Assemblyman Phil Palmesano (R,C-Corning) joined his Assembly and Senate Minority colleagues, family members of crime victims, victims’ rights advocates and members of law enforcement for a press conference on Monday to call for increased public safety measures throughout the state and a reversal of New York’s previously passed bail reform and discovery laws. Tammy Patrick, daughter of murder victim John Lee, shared the tragic loss of her father at the event, who was killed by an individual out due to the state’s bail reform laws, despite committing a violent assault of strangulation just a day earlier.
“We grieve with the family of John Lee and the thousands of other crime victims and their family members across our state,” said Palmesano. “Stories just like this have become far too common, repeat offenders fear no recourse within our criminal justice system. I urge the governor and my colleagues in the Majority lawmakers to put themselves in the shoes of crime victims and finally put the interests of public safety, crime victims and their families ahead of dangerous and violent criminals.”
Palmesano and his Minority colleagues proposed the ‘Restore Order Anti-Crime Initiative’ during the last legislative session, common-sense legislation that would enact immediate criminal justice reform. The package includes returning judicial discretion to state judges when assessing the danger an individual presents to the community and parole reform which would require a unanimous vote by the parole board in granting a prisoner early release.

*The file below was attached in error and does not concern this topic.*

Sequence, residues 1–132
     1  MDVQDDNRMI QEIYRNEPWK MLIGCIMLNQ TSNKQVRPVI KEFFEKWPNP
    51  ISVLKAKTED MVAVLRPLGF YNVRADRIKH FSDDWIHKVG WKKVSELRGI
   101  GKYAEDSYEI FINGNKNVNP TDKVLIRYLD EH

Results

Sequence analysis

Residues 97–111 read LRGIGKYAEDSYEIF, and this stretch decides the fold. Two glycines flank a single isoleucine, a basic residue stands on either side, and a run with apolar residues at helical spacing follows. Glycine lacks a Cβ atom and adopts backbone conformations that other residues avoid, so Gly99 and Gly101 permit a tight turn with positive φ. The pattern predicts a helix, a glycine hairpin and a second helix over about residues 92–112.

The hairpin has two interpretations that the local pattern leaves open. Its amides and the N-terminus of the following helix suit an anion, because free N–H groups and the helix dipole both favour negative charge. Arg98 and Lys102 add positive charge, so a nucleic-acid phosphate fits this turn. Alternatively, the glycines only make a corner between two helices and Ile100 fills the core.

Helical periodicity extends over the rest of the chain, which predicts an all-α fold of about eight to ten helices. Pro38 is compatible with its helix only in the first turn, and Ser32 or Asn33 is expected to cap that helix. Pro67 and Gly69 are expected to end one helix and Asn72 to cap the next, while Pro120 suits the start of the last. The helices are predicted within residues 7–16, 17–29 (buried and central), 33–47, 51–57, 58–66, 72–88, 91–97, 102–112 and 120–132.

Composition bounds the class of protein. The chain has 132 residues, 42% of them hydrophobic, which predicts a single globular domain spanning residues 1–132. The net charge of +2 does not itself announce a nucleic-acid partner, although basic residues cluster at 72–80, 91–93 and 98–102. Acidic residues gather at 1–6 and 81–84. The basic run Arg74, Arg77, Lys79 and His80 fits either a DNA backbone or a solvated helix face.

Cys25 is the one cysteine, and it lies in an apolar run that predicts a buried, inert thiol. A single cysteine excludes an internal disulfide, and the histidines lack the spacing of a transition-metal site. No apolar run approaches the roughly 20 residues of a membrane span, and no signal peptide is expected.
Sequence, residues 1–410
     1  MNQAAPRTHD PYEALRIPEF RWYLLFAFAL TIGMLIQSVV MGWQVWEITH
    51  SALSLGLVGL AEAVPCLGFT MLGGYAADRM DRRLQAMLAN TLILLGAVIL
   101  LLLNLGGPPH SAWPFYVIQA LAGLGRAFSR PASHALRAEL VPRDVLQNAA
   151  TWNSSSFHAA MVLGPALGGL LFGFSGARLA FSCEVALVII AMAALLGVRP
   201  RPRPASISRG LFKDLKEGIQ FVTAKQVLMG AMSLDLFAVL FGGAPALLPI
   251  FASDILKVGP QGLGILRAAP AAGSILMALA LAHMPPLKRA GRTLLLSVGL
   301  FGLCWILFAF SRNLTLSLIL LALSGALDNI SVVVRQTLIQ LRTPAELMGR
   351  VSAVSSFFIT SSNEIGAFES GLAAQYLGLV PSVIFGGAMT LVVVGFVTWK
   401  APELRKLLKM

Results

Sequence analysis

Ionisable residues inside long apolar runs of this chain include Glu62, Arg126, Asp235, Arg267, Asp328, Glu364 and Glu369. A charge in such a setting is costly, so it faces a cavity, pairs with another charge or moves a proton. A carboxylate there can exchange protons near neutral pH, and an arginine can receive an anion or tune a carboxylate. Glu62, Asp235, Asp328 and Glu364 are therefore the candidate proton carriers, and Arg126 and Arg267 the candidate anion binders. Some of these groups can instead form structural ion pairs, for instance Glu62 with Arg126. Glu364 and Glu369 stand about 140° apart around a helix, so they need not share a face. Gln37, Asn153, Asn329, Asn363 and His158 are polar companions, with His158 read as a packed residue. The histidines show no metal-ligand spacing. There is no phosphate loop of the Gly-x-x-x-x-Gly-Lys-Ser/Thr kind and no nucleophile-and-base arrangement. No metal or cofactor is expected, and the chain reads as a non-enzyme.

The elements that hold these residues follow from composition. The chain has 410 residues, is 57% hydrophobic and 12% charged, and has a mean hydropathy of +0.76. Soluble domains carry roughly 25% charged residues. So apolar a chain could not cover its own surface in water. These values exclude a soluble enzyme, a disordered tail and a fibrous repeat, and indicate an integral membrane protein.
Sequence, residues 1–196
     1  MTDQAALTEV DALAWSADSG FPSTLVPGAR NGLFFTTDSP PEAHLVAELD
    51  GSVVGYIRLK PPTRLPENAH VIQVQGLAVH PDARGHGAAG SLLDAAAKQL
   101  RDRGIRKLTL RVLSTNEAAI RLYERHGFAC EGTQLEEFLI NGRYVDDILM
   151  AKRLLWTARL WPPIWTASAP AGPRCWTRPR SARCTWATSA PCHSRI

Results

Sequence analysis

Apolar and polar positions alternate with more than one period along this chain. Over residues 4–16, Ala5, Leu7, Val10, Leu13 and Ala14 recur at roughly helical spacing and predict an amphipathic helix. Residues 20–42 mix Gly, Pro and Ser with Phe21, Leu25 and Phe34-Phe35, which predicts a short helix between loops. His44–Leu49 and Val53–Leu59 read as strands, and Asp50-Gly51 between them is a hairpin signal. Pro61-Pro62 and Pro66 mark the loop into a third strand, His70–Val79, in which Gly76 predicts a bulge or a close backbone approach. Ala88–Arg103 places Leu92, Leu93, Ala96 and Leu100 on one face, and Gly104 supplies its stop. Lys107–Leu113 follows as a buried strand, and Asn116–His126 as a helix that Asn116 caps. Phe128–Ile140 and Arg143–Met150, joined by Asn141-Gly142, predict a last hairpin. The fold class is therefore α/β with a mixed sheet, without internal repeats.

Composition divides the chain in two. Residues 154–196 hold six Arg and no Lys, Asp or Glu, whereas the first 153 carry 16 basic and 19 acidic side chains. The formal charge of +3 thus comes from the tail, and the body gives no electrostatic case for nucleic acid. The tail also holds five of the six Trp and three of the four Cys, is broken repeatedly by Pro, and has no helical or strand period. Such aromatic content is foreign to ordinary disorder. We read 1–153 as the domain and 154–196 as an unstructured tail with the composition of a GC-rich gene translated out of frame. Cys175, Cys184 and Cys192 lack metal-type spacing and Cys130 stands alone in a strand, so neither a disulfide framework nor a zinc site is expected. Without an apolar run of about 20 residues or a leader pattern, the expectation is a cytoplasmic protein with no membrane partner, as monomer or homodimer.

“New York is the only state in the nation that does not allow for judicial discretion to consider the dangerousness of an individual before releasing them back into the public. This is a miscarriage of justice and puts all our families and communities at increased risk of violence from repeat offenders. The inability of judges to hold violent individuals on bail, paired with reckless parole board decisions to release dangerous prisoners (cop killers, child rapists and murderers, and others) early, has caused increased crime rates. By requiring a unanimous vote of the parole board, we will see a decrease in prisoners getting early release, and a board more responsible to the public they serve.
“The governor often says public safety is her top priority. In a recent Siena poll, 93% of New Yorkers believe crime and public safety is a top concern and must be addressed. The governor and the Assembly and Senate Majorities talk about the importance of public safety, but their actions have rung hollow. The public safety of our residents should not be a political sideshow. People want and need to feel safe in their community, but they do not. The legislative Majorities need to listen to the calls of crime victims, their advocates, members of law enforcement and local officials across our state calling on Albany to take action on this crime crisis. It is past time we restore order and bring a sense of safety back to our communities,” concluded Palmesano.